Study reveals need for tech savvy managers in media companies

MUMBAI: Media and entertainment executives around the world are focused on the impact of technology on their industry.

They believe that more technology-savvy managers are critical to their companies' future success.

Also while television broadcasting remains one of the most profitable segments of the media and entertainment industry, it is generally seen as the most challenged to thrive and grow in the future. On a more positive note cable operators, which have not performed as well in Europe as in the US, were cited by executives more often than other media industry segments as likely to thrive in the years ahead.

This information is contained in a new study conducted by Ernst & Young. Executives who participated in the study say that digitisation of content, combined with the increasing adoption of broadband distribution technologies, is creating major shifts, challenges and opportunities for their industry.

The study is called Fast Forward: Technology Propels Media and Entertainment CEOs into the Future. It is is based on extensive industry research, including in-depth discussions with 23 CEOs, CFOs and leading industry financial stakeholders, including top executives from global media conglomerates like Disney, Viacom and Time Warner

The study notes that the pace of technology-driven changes in the media and entertainment industry throughout Europe and the world has created enormous strategic challenges and uncertainty for global companies. It is not unlike a chess match in which new pieces are constantly introduced into the game. As a result, executives believe that they must bring in new talents and skills onto their management teams who will be capable of better understanding and responding to constant change.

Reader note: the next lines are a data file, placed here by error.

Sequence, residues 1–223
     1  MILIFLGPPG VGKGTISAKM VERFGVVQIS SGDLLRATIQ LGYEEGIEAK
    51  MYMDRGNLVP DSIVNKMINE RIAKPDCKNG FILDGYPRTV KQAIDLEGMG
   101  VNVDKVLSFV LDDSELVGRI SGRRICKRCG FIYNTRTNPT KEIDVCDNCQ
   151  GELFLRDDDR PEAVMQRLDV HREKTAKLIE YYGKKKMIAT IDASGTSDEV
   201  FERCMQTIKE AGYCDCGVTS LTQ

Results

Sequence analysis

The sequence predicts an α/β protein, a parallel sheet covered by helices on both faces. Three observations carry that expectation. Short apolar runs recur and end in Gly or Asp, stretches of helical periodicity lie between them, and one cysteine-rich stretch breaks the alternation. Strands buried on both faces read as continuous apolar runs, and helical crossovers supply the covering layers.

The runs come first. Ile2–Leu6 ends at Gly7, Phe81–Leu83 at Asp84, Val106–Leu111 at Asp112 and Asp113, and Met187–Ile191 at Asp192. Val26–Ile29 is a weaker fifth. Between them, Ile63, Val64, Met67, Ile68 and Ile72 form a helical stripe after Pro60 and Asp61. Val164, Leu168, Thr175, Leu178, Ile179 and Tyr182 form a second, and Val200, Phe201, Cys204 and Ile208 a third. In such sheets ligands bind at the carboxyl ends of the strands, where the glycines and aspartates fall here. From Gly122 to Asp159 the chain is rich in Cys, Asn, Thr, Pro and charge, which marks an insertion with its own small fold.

As a result of the fast-paced changes facing their industry, media and entertainment companies are highly concerned about bringing the right disciplines into their organizations. In fact, building the right management team was cited by 75 per cent of participants as a major internal challenge to success, far more than any other factor. Technology and financial knowledge were frequently cited skills that will differentiate the next generation of managers, according to the executives.

75 per cent of executives participating in the study cited digital video recorders (DVRs)-more than any other new technology-as an innovation likely to disrupt the industry's status quo. DVR use, that allows viewers to time-shift programming and thus bypass advertising, is expected to grow rapidly in Europe, reaching 6.5 million households by 2007.

Some 24.7 million US homes are expected to have DVRs by 2007. This will pose a serious threat to about 12.5 per cent, or about $4 billion, of traditional television advertising.

The news is not good for the music industry. Since it has been hard hit by piracy enabled by content digitisation it now has the lowest profitability margins of any media segment. The media and entertainment companies represented in the study had combined annual revenues of $214 billion (FY03) and a combined market cap of approximately $340 billion.

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